12 Bar Blues with Diads
The 12 bar blues is usually played with three chords – a I chord, a IV chord and a V chord. These chords are often played as dominant 7 chords.
This post explains how to play a 12 bar blues in D (D – G – A) using diads. Diads are two note chords, in this case we will use just the third and the flat 7 of each chord. Amazingly each chord uses the same shape on the same strings!
First let’s have a look at the shapes that the diads are derived from:-
The D7 chord is derived from the ‘C’ shape, while the G7 and A7 are derived from the ‘E’ shape – The cut down versions are shown. The diads we use are shown in the next chord box. The squares form the G7 chord, The filled circles form the D7 chord and the unfilled circles the A7 chord.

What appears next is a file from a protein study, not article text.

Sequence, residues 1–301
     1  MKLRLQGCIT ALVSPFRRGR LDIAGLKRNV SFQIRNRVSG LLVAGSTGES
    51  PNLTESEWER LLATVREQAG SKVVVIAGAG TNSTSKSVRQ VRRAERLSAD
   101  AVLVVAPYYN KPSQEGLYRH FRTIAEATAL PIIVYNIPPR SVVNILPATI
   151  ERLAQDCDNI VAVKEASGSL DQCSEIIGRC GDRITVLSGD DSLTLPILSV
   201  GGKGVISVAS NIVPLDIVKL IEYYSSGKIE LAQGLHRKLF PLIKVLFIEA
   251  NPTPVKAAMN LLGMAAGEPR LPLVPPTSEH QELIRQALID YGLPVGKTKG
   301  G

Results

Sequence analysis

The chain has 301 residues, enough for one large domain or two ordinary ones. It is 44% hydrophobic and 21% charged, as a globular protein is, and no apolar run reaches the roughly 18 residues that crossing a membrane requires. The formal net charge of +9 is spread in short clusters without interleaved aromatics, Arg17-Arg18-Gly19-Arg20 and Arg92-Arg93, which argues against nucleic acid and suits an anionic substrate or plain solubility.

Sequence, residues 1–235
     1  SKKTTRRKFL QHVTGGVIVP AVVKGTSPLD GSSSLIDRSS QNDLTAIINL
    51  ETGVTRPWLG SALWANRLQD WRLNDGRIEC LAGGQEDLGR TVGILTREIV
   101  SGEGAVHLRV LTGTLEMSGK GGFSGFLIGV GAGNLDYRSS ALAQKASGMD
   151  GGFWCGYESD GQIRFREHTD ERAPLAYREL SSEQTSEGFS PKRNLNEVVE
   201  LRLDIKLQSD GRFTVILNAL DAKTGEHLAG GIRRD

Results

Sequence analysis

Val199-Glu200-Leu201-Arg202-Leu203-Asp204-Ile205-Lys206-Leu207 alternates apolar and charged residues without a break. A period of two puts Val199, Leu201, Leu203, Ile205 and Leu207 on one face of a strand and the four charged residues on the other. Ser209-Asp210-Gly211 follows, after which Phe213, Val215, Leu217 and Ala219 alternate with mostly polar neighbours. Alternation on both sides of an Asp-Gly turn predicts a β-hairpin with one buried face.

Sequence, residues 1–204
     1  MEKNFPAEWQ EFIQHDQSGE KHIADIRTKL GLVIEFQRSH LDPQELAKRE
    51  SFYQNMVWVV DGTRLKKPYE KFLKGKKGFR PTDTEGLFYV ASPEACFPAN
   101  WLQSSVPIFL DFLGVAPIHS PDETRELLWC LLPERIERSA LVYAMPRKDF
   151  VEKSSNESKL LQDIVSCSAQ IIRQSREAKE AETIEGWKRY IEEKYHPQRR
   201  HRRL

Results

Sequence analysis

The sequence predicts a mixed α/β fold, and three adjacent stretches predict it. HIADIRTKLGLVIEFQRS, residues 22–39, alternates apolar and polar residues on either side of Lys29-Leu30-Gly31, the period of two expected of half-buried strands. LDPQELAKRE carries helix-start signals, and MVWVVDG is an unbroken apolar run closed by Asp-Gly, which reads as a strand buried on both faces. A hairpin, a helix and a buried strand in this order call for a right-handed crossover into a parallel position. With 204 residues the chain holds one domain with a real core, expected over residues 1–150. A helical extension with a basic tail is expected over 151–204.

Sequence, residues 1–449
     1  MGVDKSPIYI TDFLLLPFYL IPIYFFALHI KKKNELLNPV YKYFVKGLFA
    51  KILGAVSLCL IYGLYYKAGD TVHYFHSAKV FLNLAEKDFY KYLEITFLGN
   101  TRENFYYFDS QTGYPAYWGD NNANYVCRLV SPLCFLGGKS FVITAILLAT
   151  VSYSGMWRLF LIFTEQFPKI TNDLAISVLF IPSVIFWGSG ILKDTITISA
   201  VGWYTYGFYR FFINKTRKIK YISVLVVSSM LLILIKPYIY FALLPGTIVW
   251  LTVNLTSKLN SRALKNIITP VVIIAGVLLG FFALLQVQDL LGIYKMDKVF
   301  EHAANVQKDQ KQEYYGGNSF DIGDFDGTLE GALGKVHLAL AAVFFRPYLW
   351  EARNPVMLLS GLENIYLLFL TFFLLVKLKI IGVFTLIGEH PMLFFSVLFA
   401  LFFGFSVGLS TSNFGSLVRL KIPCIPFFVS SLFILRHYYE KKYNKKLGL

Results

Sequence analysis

The Chord Shapes used are shown below.
Note that none of these chords have a root – the bass player can supply this! (NR stands for no root)
Also notice that the I chord (D7) is a third then the flat 7, the other two chords have the same chord tones, but the other way up.
One very useful things about these little diads is that they are great for sliding around and sound great approached from a semitone (1 fret) below. E.G. playing the horn line in “I Feel Good”, by James Brown.
- Here is a basic 12 bar blues progression to try these diads out with.
|D7 |D7 |D7 |D7 |G7 |G7 |D7 |D7 |A7 | G7 |D7 |A7 ||
Have a play with them and have fun!